MAKING A CAREER IN ANTIQUES or how long is a piece of string? “How to get in to the antiques trade” is a question that crops up with great regularity and one which has almost as many answers as there are people already working with antiques. Ask any ten dealers or auctioneers how they started and the chances are that there will be ten completely different answers. On the face of it, antiques might seem an easy option; plenty of people have made successful careers in the trade without any formal qualifications, and antique dealing is one of the few occupations that has no fixed system of training; beguiling stories of fat profits abound. Yet anyone who has tried to make a living in the antiques trade will tell you that in reality it is far from easy: success requires a great deal of hard work, experience, knowledge, considerable capital and, above all, that elusive quality, flair. More people have burnt their fingers — and worse — by disregarding these basics than most of us have made trips to antique shops. Even to keep a weekly market stall supplied with continually changing stock, a dealer must be constantly out looking for suitable goods at the right prices; he or she may have to travel many miles at all times of the day or night in the course of the hunt and should always be alert to new sources of goods. All this costs money, and the more capital you can muster, the better the business can prosper. Vast numbers of antique dealing ventures have failed through lack of funding or through dealers underestimating the amount of capital which they need to cover all their costs. While it is possible to make antiques a profitable sideline on a shoestring, and with luck and perseverance this sideline may eventually grow into a full time career, few people find that they can make a living at the outset unless they have considerable financial back-up. Knowledge — as much as possible — is another essential. This can be a deep specialist knowledge in a particular area of antiques or it may be a broad general knowledge encompassing many aspects, and enabling the dealer to spread a wide net. Above all else there is a magic ingredient known as “flair” which really marks a good dealer on any level. Flair goes beyond knowledge and experience and implies discernment, an artistic eye, enthusiasm and perhaps a dash of salesmanship; it is an innate quality which can lift a dealer out of the ordinary whether he operates from a market stall or a shop in Bond Street. Whereas flair is something you either have or have not, and whereas money may or may not be available to you, some degree of knowledge and experience can and must be acquired before embarking on any kind of antique dealing venture on your own account. There are many routes open to you, from taking degree or diploma courses in the fine and/or applied arts, to working as an antique dealer's assistant or saleroom porter. While three or four years at university studying congenial subjects like history of art, architecture and perhaps a language or two seem enticing and may be a valuable background they are hardly the equipment for a career in antiques. Only a small handful of universities offer courses that are at all relevant to the antiques and art trade and places are not easy to come by: those available are snapped up by the highest academic fliers. Privately run courses, some providing a diploma or postgraduate degree on successful completion, may be a more vocational alternative or addition to university. They are shorter, one year is usual, and several are specifically tailored to a future in the antiques or art trades. Their disadvantage is that nearly all are expensive and only one or two are eligible for state grants. There is a form of do-it-yourself course which may be nearly as good as any of these and which has the virtue of continuing for as long as you like, and perhaps for a lifetime; it can be followed full or part-time and can be tailored to individual interests. A DIY course is a matter of reading and studying on your own and making visits to museums, country houses, salerooms and dealers' shops, asking questions and handling objects whenever possible. Evening classes and museum and gallery lectures can also be useful. The self-discipline required to follow successfully such a path of learning is in itself a good training for anyone seriously embarking on a career in antiques. For many, the most obvious way to begin is to find a dealer who needs an assistant and to learn as much as possible from him or her. The advantage is that this way you can earn while you learn, but the knowledge acquired may be limited, either by the unwillingness of the dealer to part with information — some are very secretive — or by the nature of the goods themselves: a shop specialising in ceramics is hardly the place to learn about silver or furniture. But once employed in the trade it is less difficult to find another job, and experience with different sorts of dealers can build up a useful bank of knowledge. It is not always easy to find a job in an antique shop, and most are badly paid, however congenial. Few dealers advertise vacancies, preferring to rely on the grapevine for new staff — who are more likely to have previous experience if they are found by these means. However, a widely accepted method is simply to go round from shop to shop in a given area and ask. It can be demoralising when the answer “no, sorry” comes back again and again, but perseverance should be rewarded in the end. Writing letters of enquiry to long lists of dealers can be similarly disheartening and is a slower process, but can save footwork as well as face if you happen to feel less bold than brass. (...) Working as a saleroom porter used to be the conventional bottom rung of the saleroom ladder, and many eventually moved away from the auction to dealing. While several of the big auction houses now employ “career” porters and while it is perfectly possible to rise to the dizzy heights of departmental expert without doing time as a porter, this is still an invaluable way to gain experience, involving as it does the handling of large quantities of goods and at the same time hearing the opinions of the knowledgeable. Indeed, almost any job in a saleroom carries useful learning potential whether your intention is to make a career in the art auction world or as a dealer. The volume of goods passing through and which can be handled is inevitably much greater than in any dealer's shop, and there are usually experts about to answer the questions of the enthusiastically curious. Other openings in the auction field include saleroom assistants, who watch over goods on viewing days, sales clerks, front counter staff who take in objects brought for sale and summon the appropriate expert, and secretaries. Finding such a job is another matter. The bigger auctioneers, like the major dealers, are inundated with unsolicited applications from would-be employees and can afford to be choosy. Such qualifications as a degree or diploma, or knowledge of languages, may be useful if not essential, and any previous experience in the antiques world can tip the scales in your favour. Most people agree that buying on your own account is one of the best ways to learn about antiques, but few dealers' assistants aspire to this until they have spent many years working in a shop or gallery, or unless they have been taken on, perhaps after previous experience or training elsewhere, with a view to partnership in the future. Taking a stall in an antiques market or in a one-day fair can be a good start, and should not involve a large capital outlay. If the project is successful it can be allowed gradually to grow from a part-time hobby into full-time employment. Antique dealing is one of the few careers open to people in later life. Many turn to it on retirement or after redundancy (the golden handshake has set many a dealer on the path to success), and often these later arrivals have a lifetime of interest and collecting behind them. While there is a huge difference between collecting for pleasure and making a living by buying and selling antiques, their knowledge both of their subject and of the trade gives them a distinct advantage, whether they deal on a small scale in fairs and markets, or from elegant premises of their own. It is important to remember that antiques, whether from a dealing or an auctioneering point of view, is a heavily over-subscribed profession, and only those with iron determination as well as all the other attributes mentioned will first get in, and then get on. Further Reading: Noel Riley: Careers in Antiques (Kogan Page, 1984) Noel Riley: Running your own Antiques Business, second edition (Kogan Page, 1986)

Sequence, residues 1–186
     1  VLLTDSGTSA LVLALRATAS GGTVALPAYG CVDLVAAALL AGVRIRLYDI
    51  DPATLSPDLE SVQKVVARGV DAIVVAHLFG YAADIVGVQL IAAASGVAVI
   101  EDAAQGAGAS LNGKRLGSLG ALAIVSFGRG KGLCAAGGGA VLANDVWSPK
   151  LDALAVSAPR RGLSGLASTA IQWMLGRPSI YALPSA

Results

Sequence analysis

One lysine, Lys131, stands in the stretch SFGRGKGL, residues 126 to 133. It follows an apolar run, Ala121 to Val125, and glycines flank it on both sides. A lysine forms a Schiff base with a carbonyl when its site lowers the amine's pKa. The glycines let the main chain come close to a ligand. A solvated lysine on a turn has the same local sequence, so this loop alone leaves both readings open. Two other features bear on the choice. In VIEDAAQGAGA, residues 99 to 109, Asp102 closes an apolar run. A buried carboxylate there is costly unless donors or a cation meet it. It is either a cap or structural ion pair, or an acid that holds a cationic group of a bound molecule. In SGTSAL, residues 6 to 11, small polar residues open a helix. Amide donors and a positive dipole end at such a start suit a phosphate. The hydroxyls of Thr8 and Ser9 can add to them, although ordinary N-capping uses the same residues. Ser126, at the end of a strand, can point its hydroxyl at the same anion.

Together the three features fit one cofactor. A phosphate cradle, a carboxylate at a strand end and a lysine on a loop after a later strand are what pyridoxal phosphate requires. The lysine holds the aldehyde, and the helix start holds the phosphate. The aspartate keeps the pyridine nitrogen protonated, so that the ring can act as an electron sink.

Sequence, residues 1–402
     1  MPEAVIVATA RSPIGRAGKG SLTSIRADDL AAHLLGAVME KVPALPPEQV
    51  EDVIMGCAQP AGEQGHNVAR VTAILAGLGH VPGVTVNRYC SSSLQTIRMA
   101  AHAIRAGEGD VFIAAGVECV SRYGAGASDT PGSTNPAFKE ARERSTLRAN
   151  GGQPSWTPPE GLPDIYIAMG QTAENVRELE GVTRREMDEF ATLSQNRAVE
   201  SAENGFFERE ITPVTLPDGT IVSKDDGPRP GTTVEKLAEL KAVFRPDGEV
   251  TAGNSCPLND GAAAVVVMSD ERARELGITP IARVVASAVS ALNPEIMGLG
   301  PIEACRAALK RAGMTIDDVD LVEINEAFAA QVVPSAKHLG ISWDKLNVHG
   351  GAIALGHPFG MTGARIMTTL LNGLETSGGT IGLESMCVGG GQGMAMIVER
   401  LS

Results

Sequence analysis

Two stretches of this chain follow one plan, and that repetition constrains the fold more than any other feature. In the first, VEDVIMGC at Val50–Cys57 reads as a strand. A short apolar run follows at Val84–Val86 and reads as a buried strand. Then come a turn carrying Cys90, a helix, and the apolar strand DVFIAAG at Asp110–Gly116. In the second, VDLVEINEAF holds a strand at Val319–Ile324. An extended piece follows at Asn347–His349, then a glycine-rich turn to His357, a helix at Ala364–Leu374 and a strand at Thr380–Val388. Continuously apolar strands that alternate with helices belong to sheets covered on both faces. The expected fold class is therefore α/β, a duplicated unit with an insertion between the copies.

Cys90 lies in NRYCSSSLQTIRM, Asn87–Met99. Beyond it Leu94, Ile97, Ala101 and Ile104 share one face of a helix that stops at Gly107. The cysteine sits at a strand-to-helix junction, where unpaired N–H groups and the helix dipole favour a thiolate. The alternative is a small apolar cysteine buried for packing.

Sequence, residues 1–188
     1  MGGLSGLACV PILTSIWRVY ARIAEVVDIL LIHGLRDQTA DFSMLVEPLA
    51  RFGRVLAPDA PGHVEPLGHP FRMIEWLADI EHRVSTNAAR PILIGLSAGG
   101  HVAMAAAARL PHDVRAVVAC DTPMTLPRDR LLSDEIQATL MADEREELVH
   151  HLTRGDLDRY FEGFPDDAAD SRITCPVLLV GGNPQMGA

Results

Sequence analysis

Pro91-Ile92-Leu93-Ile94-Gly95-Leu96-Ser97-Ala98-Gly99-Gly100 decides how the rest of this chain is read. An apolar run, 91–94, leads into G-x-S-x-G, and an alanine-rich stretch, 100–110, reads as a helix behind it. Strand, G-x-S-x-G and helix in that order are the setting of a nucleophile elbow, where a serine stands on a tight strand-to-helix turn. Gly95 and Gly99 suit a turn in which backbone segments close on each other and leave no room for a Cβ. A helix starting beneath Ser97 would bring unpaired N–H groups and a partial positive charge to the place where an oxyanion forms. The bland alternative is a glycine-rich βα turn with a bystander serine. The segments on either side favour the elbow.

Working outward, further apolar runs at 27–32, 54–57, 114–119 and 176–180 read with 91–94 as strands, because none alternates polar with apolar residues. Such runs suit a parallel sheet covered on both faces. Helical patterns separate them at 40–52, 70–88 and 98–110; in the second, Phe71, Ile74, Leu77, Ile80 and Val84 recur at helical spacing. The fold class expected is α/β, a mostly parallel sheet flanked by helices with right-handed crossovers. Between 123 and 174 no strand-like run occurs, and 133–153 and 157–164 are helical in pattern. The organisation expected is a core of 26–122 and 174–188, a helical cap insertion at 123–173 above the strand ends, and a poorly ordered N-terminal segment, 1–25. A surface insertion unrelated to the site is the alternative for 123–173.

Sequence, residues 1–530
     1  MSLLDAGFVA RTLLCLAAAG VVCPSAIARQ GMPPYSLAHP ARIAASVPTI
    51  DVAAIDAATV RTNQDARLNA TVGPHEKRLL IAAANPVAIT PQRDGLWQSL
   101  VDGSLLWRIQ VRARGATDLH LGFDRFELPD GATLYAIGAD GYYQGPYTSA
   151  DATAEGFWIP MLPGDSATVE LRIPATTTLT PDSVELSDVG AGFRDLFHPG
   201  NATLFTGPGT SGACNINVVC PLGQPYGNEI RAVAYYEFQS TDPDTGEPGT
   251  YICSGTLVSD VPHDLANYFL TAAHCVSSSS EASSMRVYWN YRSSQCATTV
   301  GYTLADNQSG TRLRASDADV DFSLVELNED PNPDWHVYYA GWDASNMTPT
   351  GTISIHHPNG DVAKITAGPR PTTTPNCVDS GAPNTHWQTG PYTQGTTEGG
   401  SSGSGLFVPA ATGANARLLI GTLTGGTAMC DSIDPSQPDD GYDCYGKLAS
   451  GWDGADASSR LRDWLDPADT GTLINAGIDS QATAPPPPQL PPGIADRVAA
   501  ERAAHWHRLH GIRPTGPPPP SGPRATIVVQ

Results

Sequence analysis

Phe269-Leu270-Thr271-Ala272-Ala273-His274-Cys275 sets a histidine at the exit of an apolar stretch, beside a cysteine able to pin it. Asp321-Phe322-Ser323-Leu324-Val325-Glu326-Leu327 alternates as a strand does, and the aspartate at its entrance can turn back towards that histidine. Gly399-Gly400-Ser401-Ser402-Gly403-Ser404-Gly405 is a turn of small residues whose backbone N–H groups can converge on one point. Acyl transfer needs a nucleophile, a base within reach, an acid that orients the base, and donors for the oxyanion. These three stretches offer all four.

post #5 of 5
There is a Lalique dealer, who is the foremost expert on the glass, and wrote an authoritative text, who perhaps could be said to lack flair in terms of amicable relations. He is imperious.